As with almost all stories about thieves, Thief begins with a job that goes wrong. Your thief pal Erin dies, and the game’s protagonist Garret goes missing for a year. When he wakes up, he has no memories of that intervening time, but he doesn’t seem to care. He gets back to work almost immediately, taking jobs from his fence friend Basso. In this way, Garret is the antagonist of his own story. The mystery of his missing year is the initial driving force of the plot, but Garret is so uninterested in it that even expository cut scenes don’t provide much information or answers. This makes him a frustrating protagonist, but not a cruel one. That comes later.
The lack of a conversation mechanic in the game means that Garret is, of course, prohibited from talking to people. That’s fine for the most part since you’re usually robbing empty homes, but in the few instances when you’re not robbing empty homes, that limited gameplay inadvertently emphasizes Garret’s indifference to the point of cruelty.
You can explore the city and sneak into apartments and steal every shiny thing in sight without context, or you can accept minor jobs from Basso that give you a little bit of back story concerning what you’re stealing, from whom, and why. It’s not a lot of story, but it’s better than nothing. However, there are two instances where these minor jobs insert Garret into the middle of someone else’s story, and it’s then that the gameplay limitations force him to be an asshole.
You’ll hop through a window into a woman’s bedroom. Unlike most apartments in the game, this one is populated, as the woman is sleeping in her bed. This is not an issue, and you’re free to move about as you wish as long as you do so quietly. If you pick up the collectible notes in the place, you’ll learn that her father is trying to marry her off to various suitors, except that he has no intention of actually letting her marry. He’s just collecting the expensive gifts sent by her would-be suitors and plans to sell them for his own enrichment. If you read the daughter’s journal, you’ll learn that she’s also planning a betrayal. She knows the combination to his safe, and one day she’ll steal back all her gifts and run away.
The father is awake and pacing the apartment. He enters her room, stands at the foot of her bed for a bit, then leaves to go stare into a fireplace. He repeats this cycle over and over, and it could mean multiple things. His pacing could be an expression of guilt. He watches his daughter sleep, and then ponders her future by the fire. It could be an expression of lust. He comes into her room with the intention of attacking her, but then decides against it at the last second. This family’s story is interesting, the father’s actions make it intriguing, and then you’re thrown into the middle of it.
Sadly, you can’t actually do anything for them or to them. You just sneak in, steal their limited wealth, and run away. You can’t talk with either daughter or father, you can’t choose a side, and you just take all that they have and screw them both over. At least, I assume you screw them both over, but it’s only an assumption because once you leave they’re never seen again. The game sets up an interesting conflict, puts you into the middle of it, and then prevents you from doing anything about it.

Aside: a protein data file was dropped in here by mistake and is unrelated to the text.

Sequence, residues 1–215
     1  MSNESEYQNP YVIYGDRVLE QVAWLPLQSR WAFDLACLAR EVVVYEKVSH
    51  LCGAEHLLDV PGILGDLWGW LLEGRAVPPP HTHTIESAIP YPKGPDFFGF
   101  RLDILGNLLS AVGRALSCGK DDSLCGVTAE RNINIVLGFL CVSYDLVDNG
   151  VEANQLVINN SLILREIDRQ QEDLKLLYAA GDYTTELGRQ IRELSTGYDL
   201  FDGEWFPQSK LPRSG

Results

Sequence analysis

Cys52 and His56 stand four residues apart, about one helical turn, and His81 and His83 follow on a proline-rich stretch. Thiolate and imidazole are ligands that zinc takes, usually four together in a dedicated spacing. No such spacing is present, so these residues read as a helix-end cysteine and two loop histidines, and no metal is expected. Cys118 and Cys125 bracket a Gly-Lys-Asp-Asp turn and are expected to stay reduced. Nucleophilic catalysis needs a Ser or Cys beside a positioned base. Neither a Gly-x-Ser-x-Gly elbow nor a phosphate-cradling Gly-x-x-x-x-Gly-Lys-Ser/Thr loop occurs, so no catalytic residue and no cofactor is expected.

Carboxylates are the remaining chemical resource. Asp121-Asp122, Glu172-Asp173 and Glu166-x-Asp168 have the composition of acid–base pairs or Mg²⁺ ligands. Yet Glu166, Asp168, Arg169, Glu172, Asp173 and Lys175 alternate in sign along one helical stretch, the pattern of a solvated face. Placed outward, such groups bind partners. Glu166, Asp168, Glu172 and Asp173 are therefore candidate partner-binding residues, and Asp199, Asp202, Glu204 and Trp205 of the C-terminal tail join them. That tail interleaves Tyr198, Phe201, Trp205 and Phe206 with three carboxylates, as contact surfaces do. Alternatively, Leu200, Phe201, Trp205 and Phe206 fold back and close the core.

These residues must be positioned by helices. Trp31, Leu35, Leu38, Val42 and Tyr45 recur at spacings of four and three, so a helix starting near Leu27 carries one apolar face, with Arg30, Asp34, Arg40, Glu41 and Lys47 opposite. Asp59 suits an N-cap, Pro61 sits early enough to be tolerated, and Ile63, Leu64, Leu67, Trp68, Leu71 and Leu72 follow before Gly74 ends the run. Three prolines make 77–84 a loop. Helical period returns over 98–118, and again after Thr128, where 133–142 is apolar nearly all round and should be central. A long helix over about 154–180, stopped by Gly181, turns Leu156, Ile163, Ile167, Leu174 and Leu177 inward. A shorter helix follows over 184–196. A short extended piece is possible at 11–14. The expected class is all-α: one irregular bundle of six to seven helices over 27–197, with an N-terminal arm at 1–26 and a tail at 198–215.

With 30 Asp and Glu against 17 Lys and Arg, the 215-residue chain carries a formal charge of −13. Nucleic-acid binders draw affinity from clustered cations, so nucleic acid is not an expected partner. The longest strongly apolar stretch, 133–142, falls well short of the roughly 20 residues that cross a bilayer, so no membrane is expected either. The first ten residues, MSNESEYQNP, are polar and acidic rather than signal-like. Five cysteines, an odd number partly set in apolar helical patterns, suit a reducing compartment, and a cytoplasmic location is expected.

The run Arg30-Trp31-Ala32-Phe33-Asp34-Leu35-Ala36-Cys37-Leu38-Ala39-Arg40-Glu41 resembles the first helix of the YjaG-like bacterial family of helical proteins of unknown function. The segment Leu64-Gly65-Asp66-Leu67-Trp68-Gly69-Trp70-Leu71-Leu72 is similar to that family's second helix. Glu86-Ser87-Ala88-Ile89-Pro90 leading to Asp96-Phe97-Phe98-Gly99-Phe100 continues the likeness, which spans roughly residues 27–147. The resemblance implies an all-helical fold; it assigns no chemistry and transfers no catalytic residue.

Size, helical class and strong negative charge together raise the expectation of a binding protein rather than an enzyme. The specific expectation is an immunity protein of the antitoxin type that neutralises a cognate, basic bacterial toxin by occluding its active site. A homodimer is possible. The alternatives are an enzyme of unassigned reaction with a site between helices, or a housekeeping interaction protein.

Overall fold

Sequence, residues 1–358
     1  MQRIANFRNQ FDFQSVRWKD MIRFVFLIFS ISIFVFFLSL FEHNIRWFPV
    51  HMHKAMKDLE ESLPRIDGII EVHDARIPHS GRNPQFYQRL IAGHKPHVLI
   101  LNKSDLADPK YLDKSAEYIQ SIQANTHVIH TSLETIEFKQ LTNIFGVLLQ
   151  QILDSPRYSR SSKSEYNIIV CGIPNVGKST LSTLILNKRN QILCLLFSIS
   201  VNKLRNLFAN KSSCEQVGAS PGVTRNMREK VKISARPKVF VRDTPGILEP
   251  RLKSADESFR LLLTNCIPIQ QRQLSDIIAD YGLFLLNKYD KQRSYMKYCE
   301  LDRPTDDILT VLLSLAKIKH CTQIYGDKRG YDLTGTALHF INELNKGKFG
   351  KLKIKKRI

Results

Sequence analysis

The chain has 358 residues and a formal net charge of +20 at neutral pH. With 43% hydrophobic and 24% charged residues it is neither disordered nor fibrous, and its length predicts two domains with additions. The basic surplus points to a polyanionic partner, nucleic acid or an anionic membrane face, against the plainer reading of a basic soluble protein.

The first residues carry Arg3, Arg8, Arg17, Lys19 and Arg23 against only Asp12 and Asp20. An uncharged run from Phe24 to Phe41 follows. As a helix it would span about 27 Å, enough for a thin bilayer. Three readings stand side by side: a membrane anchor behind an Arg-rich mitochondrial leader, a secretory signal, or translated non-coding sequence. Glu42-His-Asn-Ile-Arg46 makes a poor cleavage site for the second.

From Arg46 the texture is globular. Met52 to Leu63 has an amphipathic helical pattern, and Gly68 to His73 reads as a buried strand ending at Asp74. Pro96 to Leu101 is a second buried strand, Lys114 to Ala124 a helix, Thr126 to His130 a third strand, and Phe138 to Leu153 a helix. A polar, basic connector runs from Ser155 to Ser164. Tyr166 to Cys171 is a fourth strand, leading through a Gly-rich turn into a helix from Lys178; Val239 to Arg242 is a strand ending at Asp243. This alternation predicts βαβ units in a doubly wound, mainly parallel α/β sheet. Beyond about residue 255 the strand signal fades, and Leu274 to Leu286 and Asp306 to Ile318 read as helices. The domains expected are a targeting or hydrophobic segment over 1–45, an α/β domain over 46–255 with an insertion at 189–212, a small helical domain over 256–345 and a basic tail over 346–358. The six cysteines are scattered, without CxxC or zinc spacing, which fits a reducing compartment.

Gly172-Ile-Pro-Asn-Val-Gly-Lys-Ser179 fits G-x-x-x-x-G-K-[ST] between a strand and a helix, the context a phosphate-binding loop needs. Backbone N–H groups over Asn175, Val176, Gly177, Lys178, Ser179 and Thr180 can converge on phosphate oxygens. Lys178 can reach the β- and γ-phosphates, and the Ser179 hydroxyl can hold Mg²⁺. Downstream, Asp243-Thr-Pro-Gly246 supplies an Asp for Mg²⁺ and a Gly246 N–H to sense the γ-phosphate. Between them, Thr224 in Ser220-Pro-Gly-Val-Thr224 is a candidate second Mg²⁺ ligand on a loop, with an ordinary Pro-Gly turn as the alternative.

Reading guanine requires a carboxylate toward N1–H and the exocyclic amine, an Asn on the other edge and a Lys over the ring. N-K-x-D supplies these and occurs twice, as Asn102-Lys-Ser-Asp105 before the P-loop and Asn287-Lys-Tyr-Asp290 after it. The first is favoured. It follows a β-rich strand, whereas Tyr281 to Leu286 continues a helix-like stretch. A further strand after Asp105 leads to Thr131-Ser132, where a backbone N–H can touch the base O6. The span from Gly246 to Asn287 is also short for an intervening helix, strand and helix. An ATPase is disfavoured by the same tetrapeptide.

The second frustrating side-job in Thief has Garret hopping through a kitchen window, only to see a woman in the corner of this well-lit room crying over the body of a dead man. It’s a shocking scene to enter into, and it raises all sorts of questions. However, once again all you can do is steal a few items and leave. You can run and jump and steal and smash things and not once does the woman look up from the dead man. Once again, it feels like you’re just adding misery to an already miserable situation.
These moments stand out because they’re two of the few moments when the city in Thief feels alive. Most of the places that you visit are empty, and most of the places that house living civilians are places that you can’t enter. These two jobs feel like the leftovers of a more ambitious game in which all side-jobs had a story, before production on Thief was rushed and all that content was cut. That’s not necessarily a bad thing. That’s the nature of making video games, but it begs the question, “Why was this content left in?” These moments are disparate from the rest of the game, tonally jarring, and they portray Garret as a man of almost sadistic indifference.
At one point, during one cut scene, it seems as if one writer wanted to explore the psychology of this odd character: As a building burns around him, Garret goes off searching for a legendary treasure vault because, “It’s who I am.” It’s a moment that seeks to explain why Garret is the way he is—that thieving isn’t just a way of life, it’s a compulsion, one that forces him to put himself and others in danger. He is indifferent, but not because he’s cruel. It’s because he has a genuine mental problem, which explains the limited gameplay. All you can do is steal because all that Garret can think of is stealing. He’s an addict in the throes of his addiction.
Thief is a competent, full, working game, but it is moments like these that make it feel unfinished. Stories and interactions are teased but never followed through on. It’s too bad because there are crumbs of something grand within Thief.
At first, I thought Garret was just an asshole, but now I see him as an addict. I’d like to help him, but all I can do is enable him.
// Notes from the Road
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